Film Review: Know How

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Produced by The Possibility Project, a New York youth-serving nonprofit organization, Know How interweaves the true stories of five urban youngsters, most of them living in foster care.

Addie (Niquana Clark) lives with her aunt, as her biological parent is deemed unfit to care for her. Her friend Marie (Ebonee Simpson) worries about her grandmother in the hospital, while her own life is becoming uncontrollable in her group home. After she is removed from her abusive family, Megan (Claribelle Pagan) dwells in a residential treatment center, is bullied by the other girls who live there, hoards pills and plots her escape. Eva (Gabrielle Garcia) must act as parent to her sister, as their father is a crack addict. Austin (Gilbert Howard) is homeless on the street with his brother, the two of them getting money to eat by mugging people, and eventually dealing drugs.

These are gritty tales indeed, with a dearth of happy endings, and their importance in a film that looks at those fallen between the lowest cracks of society is undoubted, as is the sincerity of the filmmakers' intentions. Unfortunately, the dramatization of these personal accounts often feels flat and uninspired, an earnest but clumsily rendered high-school project. The use of songs and rap to "musicalize" it is far from efficacious, as here the writing is hardly any better. The acting ranges from adequate and better to painfully stiff.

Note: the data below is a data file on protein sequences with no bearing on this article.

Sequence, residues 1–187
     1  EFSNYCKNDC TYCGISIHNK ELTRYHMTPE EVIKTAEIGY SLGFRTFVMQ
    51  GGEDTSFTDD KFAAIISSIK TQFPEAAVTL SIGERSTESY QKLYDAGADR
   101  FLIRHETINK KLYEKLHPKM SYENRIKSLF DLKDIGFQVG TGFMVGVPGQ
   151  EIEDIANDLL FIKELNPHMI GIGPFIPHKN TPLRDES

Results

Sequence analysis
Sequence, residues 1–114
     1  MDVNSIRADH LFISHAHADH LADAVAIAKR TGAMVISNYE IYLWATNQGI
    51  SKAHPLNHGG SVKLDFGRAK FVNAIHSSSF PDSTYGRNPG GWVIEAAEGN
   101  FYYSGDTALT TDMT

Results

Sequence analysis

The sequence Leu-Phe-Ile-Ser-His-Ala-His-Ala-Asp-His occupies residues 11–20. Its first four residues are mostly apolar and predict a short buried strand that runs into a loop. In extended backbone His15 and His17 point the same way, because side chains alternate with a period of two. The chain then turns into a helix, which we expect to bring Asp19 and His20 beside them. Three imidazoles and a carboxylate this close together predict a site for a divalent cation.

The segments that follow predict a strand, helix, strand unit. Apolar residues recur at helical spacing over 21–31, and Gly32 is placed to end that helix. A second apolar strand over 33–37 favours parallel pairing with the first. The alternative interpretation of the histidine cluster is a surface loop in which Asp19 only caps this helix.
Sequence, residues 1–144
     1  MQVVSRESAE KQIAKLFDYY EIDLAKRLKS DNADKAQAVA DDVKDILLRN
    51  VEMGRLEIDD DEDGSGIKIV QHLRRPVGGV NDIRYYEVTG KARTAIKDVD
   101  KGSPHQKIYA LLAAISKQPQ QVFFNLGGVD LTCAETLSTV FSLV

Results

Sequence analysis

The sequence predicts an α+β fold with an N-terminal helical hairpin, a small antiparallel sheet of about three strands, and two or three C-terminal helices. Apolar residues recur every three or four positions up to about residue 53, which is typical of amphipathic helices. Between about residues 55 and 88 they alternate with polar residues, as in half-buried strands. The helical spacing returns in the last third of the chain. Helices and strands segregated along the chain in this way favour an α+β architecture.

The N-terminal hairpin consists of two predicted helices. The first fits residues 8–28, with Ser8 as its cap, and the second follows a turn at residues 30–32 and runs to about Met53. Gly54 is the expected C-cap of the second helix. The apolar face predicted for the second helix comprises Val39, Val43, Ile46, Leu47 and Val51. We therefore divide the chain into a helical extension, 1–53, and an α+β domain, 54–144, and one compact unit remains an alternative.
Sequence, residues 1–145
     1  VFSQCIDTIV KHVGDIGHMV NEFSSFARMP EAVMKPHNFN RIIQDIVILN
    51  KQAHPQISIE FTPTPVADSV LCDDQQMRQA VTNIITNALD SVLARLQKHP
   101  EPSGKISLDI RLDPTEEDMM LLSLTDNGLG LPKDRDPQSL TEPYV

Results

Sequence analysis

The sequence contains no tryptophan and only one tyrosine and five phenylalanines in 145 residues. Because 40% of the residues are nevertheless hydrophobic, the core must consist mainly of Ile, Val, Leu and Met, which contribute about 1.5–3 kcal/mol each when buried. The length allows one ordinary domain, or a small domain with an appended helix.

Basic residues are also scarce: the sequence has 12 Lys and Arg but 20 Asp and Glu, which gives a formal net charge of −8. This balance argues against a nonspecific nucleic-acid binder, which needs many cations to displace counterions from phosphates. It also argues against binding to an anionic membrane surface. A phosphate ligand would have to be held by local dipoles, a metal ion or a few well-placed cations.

There's a big, worthy and problematic topic in the inherent woes of the foster care system, but, sadly, Know How possesses the raw material without the basic cinematic finesse to truly do it justice.

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